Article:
Saturday, February 24, 2007

Amazing Grace Movie

I went and saw the movie Amazing Grace this afternoon with my kids (as we walked up to the box office, my pastor and his family were there as well, so we all saw it together. But I digress.) Wilberforce has always been one of my heroes, not just because of his work to abolish the slave trade; but because he understood, as the movie makes so clear, that it is possible to serve God and change the world at the same time.

The movie was wonderful in every way. It started slow, as they attempt to establish the story. But soon I was engrossed in the telling of a story that I already knew. There have been a significant number of movies in the last couple of years that attempt to tell a story with which I was already familiar; and I have been disappointed in nearly all of them. The Lord of the Rings movies were the lone exception until today. The movie gave me an appreciation for the time Wilberforce devoted to his cause, and for the frustrations of his slow progress. The depth of the anguish suffered by John Newton (composer of the hymn Amazing Grace) is brought into stark reality in the movie. The acting is wonderful, the cinematography beautiful, and the storytelling magnificent. No matter what you believe about Christianity, I recommend this movie as the telling of the story of a true hero of the modern western world.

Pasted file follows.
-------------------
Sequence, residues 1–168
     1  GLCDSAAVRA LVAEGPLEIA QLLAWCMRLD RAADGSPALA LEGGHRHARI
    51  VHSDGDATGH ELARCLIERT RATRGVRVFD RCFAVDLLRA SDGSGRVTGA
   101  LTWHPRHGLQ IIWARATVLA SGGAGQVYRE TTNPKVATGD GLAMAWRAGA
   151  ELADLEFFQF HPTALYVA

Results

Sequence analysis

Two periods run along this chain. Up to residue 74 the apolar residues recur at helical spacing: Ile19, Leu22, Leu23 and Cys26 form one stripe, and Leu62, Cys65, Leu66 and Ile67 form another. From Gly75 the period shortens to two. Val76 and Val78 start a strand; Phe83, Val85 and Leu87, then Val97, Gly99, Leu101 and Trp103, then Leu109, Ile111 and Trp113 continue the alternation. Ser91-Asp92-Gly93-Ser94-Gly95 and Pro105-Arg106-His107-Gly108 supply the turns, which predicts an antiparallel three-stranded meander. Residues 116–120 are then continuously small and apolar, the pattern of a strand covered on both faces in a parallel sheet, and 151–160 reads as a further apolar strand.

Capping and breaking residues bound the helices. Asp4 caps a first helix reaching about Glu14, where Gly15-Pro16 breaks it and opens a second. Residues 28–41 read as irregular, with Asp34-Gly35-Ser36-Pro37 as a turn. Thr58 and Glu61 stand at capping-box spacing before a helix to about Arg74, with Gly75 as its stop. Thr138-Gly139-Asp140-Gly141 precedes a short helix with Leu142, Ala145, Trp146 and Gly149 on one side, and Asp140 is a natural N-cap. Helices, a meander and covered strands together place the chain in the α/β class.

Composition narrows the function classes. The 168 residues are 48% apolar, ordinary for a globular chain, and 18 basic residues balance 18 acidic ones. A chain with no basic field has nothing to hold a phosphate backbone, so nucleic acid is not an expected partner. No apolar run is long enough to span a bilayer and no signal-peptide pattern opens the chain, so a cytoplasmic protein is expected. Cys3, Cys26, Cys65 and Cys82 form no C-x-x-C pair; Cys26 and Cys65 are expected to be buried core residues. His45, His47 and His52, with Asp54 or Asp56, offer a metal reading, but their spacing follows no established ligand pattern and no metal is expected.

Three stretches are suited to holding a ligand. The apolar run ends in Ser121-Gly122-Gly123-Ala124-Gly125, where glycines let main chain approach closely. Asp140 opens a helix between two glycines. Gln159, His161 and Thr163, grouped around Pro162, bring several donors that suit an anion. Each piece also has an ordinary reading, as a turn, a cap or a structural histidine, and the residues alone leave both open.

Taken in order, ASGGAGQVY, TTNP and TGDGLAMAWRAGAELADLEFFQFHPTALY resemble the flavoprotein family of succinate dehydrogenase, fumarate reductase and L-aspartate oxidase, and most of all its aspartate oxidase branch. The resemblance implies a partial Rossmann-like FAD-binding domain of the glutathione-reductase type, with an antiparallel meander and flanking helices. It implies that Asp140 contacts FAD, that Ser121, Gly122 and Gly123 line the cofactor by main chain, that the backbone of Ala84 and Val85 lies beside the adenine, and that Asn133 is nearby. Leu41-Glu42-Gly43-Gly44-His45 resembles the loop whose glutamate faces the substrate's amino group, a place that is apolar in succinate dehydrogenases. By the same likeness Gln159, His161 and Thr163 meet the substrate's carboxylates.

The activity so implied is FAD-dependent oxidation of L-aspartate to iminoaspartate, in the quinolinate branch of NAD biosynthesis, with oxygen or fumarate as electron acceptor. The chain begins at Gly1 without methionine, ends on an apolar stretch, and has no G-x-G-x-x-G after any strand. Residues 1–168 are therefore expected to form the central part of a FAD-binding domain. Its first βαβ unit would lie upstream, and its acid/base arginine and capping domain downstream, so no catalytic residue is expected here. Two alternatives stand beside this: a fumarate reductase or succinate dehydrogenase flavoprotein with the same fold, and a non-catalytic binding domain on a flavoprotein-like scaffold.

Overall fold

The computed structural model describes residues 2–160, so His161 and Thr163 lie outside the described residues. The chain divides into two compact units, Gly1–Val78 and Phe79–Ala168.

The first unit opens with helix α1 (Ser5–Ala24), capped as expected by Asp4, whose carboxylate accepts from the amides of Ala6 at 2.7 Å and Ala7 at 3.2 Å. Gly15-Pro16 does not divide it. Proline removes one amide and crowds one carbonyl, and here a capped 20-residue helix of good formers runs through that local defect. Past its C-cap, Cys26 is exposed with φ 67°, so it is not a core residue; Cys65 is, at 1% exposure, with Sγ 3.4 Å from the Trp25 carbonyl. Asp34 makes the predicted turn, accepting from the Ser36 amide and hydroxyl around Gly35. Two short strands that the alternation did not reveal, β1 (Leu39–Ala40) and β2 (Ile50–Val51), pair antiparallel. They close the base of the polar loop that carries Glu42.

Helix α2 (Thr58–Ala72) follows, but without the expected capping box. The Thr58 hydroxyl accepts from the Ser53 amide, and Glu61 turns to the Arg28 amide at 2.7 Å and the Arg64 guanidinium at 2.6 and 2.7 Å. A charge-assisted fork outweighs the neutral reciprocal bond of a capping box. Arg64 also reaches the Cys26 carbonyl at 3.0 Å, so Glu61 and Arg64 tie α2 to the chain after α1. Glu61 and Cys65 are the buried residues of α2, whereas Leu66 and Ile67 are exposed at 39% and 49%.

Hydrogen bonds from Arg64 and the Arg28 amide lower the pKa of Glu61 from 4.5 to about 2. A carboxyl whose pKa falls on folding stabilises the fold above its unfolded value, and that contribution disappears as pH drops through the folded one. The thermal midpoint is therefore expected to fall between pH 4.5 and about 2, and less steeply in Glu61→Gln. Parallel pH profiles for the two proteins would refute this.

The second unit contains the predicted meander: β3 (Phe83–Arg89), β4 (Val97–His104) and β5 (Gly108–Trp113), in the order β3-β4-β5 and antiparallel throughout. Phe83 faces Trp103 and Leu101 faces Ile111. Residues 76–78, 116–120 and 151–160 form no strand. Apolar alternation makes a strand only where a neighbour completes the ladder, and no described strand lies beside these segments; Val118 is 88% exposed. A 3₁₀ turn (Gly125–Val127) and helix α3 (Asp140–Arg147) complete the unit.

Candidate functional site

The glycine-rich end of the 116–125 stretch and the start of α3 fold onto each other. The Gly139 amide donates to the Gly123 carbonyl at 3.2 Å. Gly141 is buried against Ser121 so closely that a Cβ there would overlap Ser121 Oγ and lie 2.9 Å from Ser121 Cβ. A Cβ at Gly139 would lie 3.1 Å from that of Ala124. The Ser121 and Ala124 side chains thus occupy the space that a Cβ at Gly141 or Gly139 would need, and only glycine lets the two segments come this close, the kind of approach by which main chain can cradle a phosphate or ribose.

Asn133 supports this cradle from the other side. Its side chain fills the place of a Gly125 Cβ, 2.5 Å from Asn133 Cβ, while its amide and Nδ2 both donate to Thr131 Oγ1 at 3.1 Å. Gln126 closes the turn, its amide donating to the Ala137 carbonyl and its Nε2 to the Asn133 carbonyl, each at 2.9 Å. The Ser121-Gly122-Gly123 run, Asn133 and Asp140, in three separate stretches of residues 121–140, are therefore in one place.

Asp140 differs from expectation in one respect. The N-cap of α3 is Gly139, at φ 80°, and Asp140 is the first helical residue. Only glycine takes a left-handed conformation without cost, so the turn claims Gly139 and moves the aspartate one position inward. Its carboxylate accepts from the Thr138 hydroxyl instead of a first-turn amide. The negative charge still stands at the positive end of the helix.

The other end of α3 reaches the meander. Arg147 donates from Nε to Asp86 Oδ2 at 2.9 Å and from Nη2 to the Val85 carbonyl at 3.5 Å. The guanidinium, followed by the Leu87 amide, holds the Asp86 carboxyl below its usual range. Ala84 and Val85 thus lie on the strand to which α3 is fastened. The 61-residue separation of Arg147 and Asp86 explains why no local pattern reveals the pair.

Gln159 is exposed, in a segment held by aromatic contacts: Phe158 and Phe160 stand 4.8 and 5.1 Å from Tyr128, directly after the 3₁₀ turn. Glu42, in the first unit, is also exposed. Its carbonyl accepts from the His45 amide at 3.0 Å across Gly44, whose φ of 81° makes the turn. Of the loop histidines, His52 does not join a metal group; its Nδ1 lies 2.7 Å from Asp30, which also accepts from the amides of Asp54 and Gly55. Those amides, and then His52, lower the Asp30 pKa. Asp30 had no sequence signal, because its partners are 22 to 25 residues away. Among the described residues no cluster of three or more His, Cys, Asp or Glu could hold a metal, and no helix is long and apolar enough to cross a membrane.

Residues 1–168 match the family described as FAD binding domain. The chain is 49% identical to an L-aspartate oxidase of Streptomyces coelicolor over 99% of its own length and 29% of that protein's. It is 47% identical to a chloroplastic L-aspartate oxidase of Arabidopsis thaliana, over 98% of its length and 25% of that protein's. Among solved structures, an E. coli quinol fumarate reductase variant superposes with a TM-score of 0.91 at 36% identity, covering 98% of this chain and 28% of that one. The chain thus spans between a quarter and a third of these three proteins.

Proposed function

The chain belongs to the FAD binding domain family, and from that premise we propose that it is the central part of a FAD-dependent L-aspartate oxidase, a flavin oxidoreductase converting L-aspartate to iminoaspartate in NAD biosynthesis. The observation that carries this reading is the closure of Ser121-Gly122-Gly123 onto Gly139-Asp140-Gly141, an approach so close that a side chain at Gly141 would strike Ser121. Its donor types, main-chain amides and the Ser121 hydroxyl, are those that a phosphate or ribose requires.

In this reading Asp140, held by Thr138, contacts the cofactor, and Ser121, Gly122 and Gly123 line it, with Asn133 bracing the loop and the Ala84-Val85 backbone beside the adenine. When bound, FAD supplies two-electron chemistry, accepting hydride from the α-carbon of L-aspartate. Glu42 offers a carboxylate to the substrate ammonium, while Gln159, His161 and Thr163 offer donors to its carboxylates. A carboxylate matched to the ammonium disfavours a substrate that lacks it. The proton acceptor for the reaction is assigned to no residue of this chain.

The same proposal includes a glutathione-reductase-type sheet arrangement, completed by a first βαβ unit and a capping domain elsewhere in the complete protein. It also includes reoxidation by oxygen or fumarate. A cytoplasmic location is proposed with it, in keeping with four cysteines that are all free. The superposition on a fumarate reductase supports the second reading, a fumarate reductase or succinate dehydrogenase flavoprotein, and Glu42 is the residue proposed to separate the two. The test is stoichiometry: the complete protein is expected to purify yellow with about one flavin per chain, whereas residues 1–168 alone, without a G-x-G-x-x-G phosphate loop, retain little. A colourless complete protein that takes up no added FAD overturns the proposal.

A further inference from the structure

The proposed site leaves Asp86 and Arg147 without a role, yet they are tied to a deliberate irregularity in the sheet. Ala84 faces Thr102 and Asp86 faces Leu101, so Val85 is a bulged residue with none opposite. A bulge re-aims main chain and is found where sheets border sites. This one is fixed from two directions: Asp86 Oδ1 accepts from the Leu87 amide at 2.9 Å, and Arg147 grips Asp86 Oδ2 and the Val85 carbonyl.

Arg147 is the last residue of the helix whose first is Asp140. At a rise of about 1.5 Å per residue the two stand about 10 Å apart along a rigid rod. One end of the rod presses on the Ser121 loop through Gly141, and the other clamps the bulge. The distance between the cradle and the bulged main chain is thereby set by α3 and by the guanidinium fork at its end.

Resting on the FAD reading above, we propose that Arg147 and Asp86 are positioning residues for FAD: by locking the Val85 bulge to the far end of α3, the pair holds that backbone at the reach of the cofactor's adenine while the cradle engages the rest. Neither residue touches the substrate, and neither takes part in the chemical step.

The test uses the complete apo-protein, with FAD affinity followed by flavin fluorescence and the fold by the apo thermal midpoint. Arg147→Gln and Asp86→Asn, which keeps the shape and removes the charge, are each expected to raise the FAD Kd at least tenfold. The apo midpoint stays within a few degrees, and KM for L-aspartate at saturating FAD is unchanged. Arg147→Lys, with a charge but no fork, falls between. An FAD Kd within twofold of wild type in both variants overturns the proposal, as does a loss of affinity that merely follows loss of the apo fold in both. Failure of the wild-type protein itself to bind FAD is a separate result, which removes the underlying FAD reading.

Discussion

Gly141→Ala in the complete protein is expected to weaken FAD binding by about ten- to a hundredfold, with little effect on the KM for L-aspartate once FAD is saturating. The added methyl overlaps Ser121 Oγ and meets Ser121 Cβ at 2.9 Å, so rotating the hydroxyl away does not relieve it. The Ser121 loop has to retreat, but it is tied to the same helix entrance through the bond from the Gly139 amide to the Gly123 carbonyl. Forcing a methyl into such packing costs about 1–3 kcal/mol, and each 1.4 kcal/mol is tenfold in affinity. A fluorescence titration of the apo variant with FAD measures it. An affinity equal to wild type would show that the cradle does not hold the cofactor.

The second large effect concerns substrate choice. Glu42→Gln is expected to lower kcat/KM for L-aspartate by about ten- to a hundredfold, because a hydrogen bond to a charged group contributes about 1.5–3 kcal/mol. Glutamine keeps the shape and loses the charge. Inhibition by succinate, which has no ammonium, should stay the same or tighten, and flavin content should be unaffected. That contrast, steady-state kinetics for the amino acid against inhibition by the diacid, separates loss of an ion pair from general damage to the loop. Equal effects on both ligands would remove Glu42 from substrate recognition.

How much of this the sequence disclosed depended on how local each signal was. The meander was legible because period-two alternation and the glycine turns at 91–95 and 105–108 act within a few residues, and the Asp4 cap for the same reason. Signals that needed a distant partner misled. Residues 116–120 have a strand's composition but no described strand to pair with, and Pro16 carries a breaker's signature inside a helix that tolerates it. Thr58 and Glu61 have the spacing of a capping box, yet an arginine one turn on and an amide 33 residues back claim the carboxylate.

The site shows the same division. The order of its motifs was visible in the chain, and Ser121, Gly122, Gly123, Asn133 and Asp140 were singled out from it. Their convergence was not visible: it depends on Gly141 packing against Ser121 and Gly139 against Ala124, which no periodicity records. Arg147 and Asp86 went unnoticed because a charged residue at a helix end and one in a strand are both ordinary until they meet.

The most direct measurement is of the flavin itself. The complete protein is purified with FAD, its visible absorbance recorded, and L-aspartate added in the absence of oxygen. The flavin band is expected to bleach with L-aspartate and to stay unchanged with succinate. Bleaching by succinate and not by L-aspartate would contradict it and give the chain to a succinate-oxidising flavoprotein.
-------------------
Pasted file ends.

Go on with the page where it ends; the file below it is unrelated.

If you have children, know that there is a scene of animal cruelty at the beginning of the movie, and several tellings of the true fate of slaves that might be unnerving for smaller children. There are also a handful of profanities, all mild, except for 2 uses of the N word. Both are in context; but after all these years of avoiding the term in my own life, it was rather shocking to hear. Just caught me off guard, that is all.

The best line of the movie, for me as a believer, comes from the mouth of John Newton, when he says "This I know. I am a great sinner; and Christ is a great saviour." The line is historical, the truth is timeless.

Go see the movie. Now.

1 comment:

Anonymous said...

I was wondering if anyone will acknowledge the fact that the majority of the fight and struggle of abolishing slave trading was done by white anglo-saxon protestants; the group who gets such "bad press" on a regular basis.